Stop Student Loan Sharking, Make College Free
For a fleeting moment I thought Congress was going to do something really wise: Get out of the student loan-sharking business. Recall that only a few days ago, the House and the Senate were going to fast-track the student loan reform bill by attaching it to the health care package. It was supposed to be a sure thing. What was I smoking?
Our current student loan system could have been invented by Tony Soprano. We taxpayers guarantee the loans and the government does most of the underwriting, rate setting and paperwork. Then private banks step in, impose their extra charges on needy students, and walk off with all the profits. Not only do the feds donate tax dollars to these banks (what else is new?), but the banks bribe college officials to send students their way. Bada Bing!
If the bill passed, eliminating Tony as middleman, the government could have saved from $37 to $87 billion dollars over the next decade for use in supporting more Pell grants for low-income students.
To be sure, Republicans, en masse, are opposed to eliminating the no-account middlemen because that would amount to a socialistic takeover of free-enterprise. But, they also are joined a group of Democrats including Senators Thomas R. Carper of Delaware, Blanche Lincoln of Arkansas, Ben Nelson of Nebraska, Bill Nelson of Florida, Mark Warner of Virginia and Jim Webb of Virginia. The banks in question just happen to be employers in their states and campaign contributors as well. (See New York Times)
Unfortunately we're having the wrong debate here. The important question isn't who should be saddling students with enormous debt -- the government or private banks. It's why anyone should be saddling them with enormous debt. As of 2008, 62 percent of all students at public 4-year colleges and universities took out loans. By graduation they owed a median of $17,700. (See CollegeBoard.com).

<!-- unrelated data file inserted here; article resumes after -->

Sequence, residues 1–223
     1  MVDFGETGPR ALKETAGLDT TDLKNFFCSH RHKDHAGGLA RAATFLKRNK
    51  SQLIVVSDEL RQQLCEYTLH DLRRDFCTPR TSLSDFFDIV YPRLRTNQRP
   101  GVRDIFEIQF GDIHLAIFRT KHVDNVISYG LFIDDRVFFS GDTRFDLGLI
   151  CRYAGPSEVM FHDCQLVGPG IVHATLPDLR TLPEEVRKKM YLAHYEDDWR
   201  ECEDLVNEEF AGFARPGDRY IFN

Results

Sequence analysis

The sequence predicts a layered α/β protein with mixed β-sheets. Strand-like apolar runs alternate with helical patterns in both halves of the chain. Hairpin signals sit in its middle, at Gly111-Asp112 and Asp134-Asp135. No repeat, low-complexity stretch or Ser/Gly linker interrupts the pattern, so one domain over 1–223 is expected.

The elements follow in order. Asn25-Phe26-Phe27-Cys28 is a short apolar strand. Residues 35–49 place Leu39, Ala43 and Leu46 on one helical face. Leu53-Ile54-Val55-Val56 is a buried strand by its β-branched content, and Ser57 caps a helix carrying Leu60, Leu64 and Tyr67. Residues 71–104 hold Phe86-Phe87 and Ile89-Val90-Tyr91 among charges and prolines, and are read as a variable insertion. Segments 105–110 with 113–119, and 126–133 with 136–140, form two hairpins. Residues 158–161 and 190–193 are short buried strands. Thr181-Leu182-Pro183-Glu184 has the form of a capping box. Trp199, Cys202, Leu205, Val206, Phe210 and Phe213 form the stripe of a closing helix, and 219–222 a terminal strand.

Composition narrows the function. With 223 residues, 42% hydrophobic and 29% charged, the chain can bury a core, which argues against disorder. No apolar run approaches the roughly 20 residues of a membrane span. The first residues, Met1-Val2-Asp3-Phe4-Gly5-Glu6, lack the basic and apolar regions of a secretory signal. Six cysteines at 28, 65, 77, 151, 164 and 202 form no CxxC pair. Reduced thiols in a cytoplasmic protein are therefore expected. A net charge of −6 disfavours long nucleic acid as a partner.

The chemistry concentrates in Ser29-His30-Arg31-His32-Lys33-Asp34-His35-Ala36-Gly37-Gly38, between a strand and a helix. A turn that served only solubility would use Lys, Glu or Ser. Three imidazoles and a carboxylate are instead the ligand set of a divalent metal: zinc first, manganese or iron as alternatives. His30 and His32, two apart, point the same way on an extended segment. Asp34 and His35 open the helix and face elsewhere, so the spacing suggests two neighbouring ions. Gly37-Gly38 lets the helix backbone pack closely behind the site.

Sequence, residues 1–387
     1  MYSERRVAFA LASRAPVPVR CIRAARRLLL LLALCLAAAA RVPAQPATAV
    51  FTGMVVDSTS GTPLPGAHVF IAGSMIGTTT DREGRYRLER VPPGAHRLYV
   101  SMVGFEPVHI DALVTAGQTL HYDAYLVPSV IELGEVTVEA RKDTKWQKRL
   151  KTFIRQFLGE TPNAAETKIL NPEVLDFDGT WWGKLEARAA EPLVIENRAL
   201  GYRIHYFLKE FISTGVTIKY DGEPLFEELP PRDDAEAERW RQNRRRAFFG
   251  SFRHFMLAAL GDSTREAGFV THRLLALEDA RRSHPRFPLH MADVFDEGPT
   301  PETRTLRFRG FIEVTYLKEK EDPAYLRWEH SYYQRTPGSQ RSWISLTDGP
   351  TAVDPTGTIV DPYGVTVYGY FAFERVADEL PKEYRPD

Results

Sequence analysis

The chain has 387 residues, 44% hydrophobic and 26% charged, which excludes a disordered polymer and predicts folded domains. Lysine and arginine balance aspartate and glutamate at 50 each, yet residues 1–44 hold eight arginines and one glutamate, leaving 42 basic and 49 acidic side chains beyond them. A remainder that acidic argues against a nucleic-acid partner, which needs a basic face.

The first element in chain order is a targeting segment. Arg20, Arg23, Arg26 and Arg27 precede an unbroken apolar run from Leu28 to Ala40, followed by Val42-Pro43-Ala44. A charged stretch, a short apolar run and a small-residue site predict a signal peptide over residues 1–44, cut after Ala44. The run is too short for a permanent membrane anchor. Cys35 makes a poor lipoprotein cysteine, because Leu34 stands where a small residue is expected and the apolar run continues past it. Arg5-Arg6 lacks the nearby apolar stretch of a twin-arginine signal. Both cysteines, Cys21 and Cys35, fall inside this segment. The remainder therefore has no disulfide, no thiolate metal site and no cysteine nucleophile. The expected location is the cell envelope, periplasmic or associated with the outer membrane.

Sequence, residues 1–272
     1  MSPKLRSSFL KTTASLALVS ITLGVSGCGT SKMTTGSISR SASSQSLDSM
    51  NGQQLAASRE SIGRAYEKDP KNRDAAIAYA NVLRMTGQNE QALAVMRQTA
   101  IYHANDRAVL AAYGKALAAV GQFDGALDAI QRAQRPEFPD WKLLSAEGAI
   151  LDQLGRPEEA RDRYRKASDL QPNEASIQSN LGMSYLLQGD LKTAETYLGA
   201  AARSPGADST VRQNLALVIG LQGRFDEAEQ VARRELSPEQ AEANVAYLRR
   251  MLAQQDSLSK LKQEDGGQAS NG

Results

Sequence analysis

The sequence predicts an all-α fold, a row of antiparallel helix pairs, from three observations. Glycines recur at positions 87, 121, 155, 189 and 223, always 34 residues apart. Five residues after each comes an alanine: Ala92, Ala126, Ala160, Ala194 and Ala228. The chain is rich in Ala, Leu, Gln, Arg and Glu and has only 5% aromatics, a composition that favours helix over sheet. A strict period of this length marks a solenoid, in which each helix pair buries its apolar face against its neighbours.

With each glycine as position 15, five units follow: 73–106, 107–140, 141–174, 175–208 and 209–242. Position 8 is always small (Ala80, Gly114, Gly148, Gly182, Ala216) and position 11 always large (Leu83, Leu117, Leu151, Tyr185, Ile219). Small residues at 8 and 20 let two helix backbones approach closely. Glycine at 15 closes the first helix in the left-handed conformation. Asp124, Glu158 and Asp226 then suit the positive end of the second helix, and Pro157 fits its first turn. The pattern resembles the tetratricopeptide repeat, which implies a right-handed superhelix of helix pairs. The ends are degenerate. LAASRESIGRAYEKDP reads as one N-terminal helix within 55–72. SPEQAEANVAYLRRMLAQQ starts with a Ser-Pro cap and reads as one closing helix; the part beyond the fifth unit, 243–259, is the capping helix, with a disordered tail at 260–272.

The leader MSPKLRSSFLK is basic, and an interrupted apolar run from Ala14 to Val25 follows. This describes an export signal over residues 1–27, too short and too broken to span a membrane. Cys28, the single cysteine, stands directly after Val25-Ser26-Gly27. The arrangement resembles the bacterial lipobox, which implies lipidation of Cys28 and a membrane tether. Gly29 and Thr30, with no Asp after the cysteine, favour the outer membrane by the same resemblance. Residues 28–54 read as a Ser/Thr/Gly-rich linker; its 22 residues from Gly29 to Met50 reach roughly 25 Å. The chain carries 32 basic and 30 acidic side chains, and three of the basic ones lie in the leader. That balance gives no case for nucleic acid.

Allow me to offer this radical concept: They should graduate with no debt. Going to a public college or university ought to be free.
It used to be that way, at least for vets. The Servicemen's Readjustment Act of 1944 (GI Bill of Rights) sent 7 million Americans to school for free after WWII. In 1988, a Congressional committee determined that for every dollar invested in that program, $6.90 was returned to the US economy. No reason we couldn't repeat that performance today. Why isn't universal free higher education on the political agenda? Here are some of the reasons:
1. Students won't value what they don't pay for.
Can't you just see it? We let students in for free and they trash the place. If we're not careful, we'll get the '60s all over again. But of course, this argument doesn't apply to students from wealthy families who don't have to pay a dime for college or run up any loans at all. Why the double standard?
More importantly, education is a necessity, not a privilege for the few. Our society always has recognized the need for free public education. As early as the 1600s, the New England colonies provided it. By the 20th century K-12 free public education became the norm. Nobody argued that only those who could pay for it should be allowed to go to high school. Times have changed a bit: Today people need a college degree or advanced vocational training if they're going to do well in the world.
2. The GIs earned it. Why should everyone get it for free?